In My Country

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In My Country
InMyCountry.jpg
Directed byJohn Boorman
Produced byJohn Boorman
Kieran Corrigan
Robert Chartoff
Lynn Hendee
Mike Medavoy
Written byAntjie Krog
Ann Peacock
StarringSamuel L. Jackson
Juliette Binoche
Brendan Gleeson
Music byMurray C. Anderson & Warrick Sony
Distributed byColumbia TriStar
Release date
March 11, 2004 (2004-03-11)
Running time
103 min.
LanguageEnglish
Budget$12 million US[citation needed]
Box office$1,491,434[1]

In My Country is a 2004 drama film directed by John Boorman, starring Samuel L. Jackson and Juliette Binoche. The movie is centered around the story of Afrikaner poet Anna Malan (Binoche) and an American journalist, Langston Whitfield (Jackson), sent to South Africa to report about the South African Truth and Reconciliation Commission hearings.

The screenplay, written by Ann Peacock, was based on Antjie Krog's memoir Country of My Skull. A special screening of the film was held for Nelson Mandela in December 2003 in the presence of John Boorman, Juliette Binoche and Robert Chartoff.

Plot[edit]

The film takes place during the South African Truth and Reconciliation Commission (TRC) hearings between 1995 and 1996. The Afrikaner poet Anna Malan (Juliette Binoche) is a South African broadcaster covering the Truth and Reconciliation Commission hearings. While her husband remains supportive, her work causes friction with her parents and younger brother Boetie (Langley Kirkwood), who are struggling to come to terms with Black majority rule. Due to increasing crime and cattle rustling, Malan's family are uncertain about their place in post–Apartheid South Africa.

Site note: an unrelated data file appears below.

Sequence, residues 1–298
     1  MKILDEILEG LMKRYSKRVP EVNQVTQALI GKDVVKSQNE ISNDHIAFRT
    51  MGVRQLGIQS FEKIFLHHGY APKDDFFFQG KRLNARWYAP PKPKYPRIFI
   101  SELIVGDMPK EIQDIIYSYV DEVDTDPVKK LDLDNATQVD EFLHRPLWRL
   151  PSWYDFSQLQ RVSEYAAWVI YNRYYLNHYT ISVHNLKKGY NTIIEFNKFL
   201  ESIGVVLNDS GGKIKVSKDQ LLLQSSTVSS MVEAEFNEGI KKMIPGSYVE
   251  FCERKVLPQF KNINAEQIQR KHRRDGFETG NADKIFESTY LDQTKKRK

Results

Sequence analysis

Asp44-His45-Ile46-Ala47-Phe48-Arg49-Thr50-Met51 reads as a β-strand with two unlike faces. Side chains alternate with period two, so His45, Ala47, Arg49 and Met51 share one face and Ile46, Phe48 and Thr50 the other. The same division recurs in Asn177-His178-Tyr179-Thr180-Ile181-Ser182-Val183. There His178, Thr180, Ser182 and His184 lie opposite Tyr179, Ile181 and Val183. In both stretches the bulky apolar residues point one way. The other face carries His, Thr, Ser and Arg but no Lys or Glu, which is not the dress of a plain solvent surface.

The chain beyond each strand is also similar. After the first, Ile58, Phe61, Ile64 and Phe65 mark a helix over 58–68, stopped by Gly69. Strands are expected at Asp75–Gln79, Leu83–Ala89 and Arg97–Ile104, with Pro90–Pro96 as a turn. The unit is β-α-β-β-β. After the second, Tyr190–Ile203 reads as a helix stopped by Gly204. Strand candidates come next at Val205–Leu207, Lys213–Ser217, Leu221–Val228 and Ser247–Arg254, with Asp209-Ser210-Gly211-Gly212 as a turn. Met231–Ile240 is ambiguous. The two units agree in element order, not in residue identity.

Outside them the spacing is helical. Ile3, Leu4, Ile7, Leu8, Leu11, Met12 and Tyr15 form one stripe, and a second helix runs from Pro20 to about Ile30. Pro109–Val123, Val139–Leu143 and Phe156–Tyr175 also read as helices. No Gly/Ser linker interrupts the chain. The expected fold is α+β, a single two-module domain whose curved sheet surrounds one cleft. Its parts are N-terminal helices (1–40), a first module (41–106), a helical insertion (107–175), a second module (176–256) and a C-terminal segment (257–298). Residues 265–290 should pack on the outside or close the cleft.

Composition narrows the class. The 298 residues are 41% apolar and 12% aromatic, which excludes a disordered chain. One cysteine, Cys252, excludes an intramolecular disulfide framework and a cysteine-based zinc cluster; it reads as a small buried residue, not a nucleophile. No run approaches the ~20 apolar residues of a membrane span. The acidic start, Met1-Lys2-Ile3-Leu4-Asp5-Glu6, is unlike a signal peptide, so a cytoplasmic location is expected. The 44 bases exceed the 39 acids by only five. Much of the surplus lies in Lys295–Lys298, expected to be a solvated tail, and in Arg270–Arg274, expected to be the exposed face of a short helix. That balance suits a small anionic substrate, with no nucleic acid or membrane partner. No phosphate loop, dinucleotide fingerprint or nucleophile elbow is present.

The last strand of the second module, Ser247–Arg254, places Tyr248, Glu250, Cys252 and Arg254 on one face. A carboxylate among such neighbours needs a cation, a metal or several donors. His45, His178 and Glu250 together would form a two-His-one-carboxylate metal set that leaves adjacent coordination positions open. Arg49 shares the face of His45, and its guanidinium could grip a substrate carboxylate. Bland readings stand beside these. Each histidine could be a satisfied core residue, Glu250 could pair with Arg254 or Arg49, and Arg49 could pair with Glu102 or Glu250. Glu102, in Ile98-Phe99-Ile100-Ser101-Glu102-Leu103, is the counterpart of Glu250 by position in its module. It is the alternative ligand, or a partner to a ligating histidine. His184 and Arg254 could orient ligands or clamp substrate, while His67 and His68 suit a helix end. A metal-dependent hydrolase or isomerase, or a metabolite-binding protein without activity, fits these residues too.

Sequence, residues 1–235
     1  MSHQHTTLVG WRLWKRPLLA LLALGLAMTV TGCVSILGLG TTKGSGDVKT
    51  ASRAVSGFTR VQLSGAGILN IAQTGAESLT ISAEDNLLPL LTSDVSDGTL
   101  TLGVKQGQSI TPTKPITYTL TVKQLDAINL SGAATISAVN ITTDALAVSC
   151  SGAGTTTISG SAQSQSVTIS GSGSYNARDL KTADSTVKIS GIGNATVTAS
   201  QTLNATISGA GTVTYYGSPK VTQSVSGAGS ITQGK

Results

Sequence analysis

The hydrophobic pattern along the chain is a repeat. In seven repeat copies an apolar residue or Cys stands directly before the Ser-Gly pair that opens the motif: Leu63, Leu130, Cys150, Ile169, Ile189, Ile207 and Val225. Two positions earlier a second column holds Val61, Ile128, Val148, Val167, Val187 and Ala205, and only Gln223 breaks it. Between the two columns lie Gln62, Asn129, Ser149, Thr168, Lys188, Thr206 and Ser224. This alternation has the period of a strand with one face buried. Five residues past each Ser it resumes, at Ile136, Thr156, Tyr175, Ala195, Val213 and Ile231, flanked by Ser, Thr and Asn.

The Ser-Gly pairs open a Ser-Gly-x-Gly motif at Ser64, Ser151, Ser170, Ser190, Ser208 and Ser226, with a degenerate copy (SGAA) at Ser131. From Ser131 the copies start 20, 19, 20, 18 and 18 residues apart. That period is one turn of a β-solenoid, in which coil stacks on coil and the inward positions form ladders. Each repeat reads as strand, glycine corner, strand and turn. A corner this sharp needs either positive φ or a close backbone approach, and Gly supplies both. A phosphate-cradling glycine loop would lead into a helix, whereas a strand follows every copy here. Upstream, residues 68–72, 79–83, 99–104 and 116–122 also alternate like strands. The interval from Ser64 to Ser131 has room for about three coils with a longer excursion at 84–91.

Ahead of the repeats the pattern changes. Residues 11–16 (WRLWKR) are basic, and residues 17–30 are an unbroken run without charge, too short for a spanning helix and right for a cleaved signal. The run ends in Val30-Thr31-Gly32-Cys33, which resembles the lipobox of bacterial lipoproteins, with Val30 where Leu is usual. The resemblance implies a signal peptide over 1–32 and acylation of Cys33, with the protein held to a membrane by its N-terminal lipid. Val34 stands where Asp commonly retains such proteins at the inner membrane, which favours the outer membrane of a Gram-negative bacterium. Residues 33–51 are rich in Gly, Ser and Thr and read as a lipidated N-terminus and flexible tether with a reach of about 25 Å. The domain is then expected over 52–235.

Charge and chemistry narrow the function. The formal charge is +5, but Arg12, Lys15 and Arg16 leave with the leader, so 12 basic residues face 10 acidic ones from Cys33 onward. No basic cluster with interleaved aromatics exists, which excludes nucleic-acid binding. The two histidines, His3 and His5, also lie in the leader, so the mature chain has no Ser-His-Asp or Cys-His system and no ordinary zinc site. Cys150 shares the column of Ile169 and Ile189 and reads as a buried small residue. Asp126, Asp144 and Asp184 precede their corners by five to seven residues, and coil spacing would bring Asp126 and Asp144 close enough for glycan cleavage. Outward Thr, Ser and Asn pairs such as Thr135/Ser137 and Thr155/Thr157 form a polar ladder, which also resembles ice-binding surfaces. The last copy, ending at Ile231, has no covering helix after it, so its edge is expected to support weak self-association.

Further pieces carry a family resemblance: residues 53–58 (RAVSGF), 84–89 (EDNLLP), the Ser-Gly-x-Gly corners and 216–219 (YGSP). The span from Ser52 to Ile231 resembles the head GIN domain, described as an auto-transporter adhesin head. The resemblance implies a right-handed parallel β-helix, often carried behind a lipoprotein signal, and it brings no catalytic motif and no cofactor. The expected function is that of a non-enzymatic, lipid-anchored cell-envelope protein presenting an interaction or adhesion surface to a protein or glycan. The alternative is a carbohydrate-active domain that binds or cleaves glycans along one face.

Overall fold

While attending a press conference in Cape Town, Anna meets up with her black colleague, the sound engineer Dumi Mkhalipi (Menzi Ngubane). She also encounters the African American journalist Langston Whitfield (Samuel L. Jackson), who has been sent by The Washington Post to interview the former South African Army Colonel De Jager (Brendan Gleeson), who has been accused of human rights violations. While initially hostile towards White South Africans particularly Afrikaners, Whitfield forges a working relationship with Anna and Dumi.

Anna, Dumi, and Langston travel the country covering the Truth and Reconciliation Commission's hearings. The hearings are predicated around the concepts of restorative justice and Ubuntu; the belief that a universal bond connects all humanity. The TRC involve victims testifying about their experiences and perpetrators confessing to their crimes in return for an offer of amnesty. While most of the perpetrators are white and victims are black, once hearing involves a group of black guerrillas who murdered members of a white farming family. Due to the African American experience with racism in the United States, Whitfield is initially dismissive of Ubuntu.

During the course of their work, Whitfield befriends Dumi and Anna. When their car breaks down in the gramadeolas, Anna and her colleagues are forced to spend the night together at the home of an Afrikaner farmer. Despite their philosophical differences, Anna and Whitfield come to develop romantic feelings for each other. Besides covering the TRC hearings, Whitfield also interviews De Jager, an unrepentant racist who claims that he was following orders but believes that he has been made a scapegoat by the South African government.